How the internet can break an impenetrable edifice

It turns out that even the Mafia is being "transformed" by the internet.
PALERMO, Sicily (Jan. 13) - When it came down to business, Cosa Nostra could always count on fear. No more. In a rebellion shaking the Sicilian Mafia to its centuries-old roots, businesses are joining forces in refusing to submit to demands for protection money called "pizzo."

And they're getting away with it, threatening to sap an already weakened crime syndicate of one of its steadiest sources of revenue. The Mafia has a history of bouncing back from defeat, but this time it is up against something entirely new: a Web site where businessmen are finding safety in numbers to say no to the mob.

At the same time, businessmen ranging from neighborhood shopkeepers to industrialists are being emboldened by arrests of fugitive bosses, and the discovery in raids of meticulous Mafia bookkeeping on who paid the "pizzo" and how much.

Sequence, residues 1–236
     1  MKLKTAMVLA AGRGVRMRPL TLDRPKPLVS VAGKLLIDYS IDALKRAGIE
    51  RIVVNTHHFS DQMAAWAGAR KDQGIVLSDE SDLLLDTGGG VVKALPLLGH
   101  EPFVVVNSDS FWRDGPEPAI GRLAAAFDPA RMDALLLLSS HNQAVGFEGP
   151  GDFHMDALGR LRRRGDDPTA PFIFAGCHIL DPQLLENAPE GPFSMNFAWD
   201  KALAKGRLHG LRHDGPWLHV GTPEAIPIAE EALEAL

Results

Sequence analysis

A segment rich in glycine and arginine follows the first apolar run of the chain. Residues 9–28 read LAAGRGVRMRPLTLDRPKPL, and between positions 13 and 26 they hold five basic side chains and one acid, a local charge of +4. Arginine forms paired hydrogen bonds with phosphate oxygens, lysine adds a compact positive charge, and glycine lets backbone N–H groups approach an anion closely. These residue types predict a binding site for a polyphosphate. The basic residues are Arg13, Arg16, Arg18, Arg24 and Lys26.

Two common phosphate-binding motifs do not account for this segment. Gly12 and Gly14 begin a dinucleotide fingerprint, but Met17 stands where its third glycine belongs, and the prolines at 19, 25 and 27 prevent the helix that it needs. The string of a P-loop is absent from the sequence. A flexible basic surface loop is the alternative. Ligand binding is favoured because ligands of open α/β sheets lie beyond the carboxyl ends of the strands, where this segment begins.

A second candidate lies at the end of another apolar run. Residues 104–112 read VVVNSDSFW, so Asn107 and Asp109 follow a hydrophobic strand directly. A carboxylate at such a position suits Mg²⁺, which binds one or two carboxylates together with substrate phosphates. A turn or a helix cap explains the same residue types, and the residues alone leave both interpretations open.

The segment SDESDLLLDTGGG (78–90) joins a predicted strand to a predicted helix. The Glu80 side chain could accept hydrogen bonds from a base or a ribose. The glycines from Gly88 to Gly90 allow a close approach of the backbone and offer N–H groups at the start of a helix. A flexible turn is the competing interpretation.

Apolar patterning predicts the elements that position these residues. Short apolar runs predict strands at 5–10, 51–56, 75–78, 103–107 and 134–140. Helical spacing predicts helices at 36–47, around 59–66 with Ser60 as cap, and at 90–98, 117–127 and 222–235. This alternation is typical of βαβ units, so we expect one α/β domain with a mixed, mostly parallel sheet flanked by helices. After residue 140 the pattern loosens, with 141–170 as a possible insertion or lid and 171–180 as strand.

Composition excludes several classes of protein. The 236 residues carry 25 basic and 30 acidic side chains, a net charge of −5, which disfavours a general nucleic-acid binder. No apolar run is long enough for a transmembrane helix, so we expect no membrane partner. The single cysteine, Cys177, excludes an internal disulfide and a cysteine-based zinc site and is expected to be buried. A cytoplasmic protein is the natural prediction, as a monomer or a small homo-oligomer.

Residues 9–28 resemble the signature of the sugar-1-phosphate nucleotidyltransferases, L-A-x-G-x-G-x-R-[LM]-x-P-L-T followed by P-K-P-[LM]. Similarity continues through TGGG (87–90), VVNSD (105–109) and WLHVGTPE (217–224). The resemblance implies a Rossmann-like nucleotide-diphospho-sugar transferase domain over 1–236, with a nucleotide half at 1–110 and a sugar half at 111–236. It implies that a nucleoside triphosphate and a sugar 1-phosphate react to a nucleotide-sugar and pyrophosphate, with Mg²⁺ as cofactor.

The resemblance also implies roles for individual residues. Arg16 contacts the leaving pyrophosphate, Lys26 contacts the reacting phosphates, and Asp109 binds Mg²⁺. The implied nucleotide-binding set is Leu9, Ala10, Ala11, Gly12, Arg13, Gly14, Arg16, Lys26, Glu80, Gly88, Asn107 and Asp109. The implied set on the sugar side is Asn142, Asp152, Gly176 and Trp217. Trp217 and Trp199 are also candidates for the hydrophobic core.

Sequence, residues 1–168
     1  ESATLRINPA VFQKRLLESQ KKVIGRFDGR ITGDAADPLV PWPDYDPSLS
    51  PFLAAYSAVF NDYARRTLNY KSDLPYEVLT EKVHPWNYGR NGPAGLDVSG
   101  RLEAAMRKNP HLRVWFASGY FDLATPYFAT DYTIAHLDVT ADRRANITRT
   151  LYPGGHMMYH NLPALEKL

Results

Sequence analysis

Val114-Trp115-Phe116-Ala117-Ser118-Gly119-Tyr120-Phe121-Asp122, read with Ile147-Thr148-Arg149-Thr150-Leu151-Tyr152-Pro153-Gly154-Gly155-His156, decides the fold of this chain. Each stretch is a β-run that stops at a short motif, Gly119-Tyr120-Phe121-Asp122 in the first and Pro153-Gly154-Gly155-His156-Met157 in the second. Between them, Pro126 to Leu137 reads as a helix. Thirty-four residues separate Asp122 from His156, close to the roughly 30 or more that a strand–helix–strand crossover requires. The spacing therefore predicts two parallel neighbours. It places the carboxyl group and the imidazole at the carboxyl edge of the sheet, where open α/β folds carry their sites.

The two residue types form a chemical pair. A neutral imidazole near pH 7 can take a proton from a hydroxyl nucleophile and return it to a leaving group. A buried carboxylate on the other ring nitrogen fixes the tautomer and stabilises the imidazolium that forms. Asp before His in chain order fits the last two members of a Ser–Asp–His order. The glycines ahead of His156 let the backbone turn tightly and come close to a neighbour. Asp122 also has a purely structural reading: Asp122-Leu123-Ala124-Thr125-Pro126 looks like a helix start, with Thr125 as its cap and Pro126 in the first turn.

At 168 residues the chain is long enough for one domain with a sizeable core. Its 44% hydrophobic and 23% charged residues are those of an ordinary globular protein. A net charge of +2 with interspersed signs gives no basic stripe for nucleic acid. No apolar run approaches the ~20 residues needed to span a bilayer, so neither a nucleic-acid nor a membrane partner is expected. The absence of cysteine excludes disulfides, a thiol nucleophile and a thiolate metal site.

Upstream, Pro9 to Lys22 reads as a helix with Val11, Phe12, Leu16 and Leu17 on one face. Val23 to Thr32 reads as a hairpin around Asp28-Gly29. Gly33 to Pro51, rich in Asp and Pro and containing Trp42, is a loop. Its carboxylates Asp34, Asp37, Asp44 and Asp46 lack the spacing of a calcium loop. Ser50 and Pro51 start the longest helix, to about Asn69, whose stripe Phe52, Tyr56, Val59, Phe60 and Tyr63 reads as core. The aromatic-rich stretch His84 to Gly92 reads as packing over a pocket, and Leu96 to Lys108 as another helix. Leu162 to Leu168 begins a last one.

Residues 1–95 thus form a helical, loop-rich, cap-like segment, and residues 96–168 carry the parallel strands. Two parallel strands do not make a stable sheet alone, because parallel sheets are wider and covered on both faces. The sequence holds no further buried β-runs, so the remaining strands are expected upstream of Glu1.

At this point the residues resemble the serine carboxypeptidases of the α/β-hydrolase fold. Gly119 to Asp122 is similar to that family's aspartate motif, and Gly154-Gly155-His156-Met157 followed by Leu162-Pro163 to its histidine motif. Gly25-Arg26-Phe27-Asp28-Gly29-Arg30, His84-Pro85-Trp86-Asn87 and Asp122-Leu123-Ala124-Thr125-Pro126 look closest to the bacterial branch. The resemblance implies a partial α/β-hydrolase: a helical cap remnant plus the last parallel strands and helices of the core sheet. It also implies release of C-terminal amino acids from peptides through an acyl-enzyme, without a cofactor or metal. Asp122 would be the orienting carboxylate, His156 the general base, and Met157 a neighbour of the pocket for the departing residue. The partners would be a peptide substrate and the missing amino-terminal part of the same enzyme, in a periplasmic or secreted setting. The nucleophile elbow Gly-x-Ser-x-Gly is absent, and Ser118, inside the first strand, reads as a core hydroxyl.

"This rebellion goes to the heart of the Mafia," said Palermo prosecutor Maurizio De Lucia, who has investigated extortion cases for years. "If it works, we will have a great advantage in the fight against the Mafia."

These latest gains build on other successes in the fight to break Cosa Nostra's stranglehold on Sicily. In the last two decades, the syndicate has been battered by testimony from turncoats, who helped send hundreds of mobsters to prison in the late 1980s, and a fierce state crackdown a decade later after bombs killed two Palermo anti-Mafia prosecutors.

The number of rebels on the Web site is still tiny compared to Palermo's businesses overall, but their movement has helped to chip away at the Mafia's psychological hold on Sicilians - long conditioned to believe that defiance would bring ruin or a death sentence. And any consistent crumbling of that culture of fear could ultimately lead to Cosa Nostra's undoing.
The concept is different, but I think that the fear which held much of Catholicism in place -- the mystique of their authority -- is likewise being dissipated by people who are no longer dependent largely on their parish priests to get a handle on what their Church really teaches.

That's because so much of Catholic "authority" -- especially the papacy -- has been "built on sand." The internet -- representing a flood of information, including a way of disseminating more accurate information about the papacy's history -- is going to erode away the foundations of that house built on sand.

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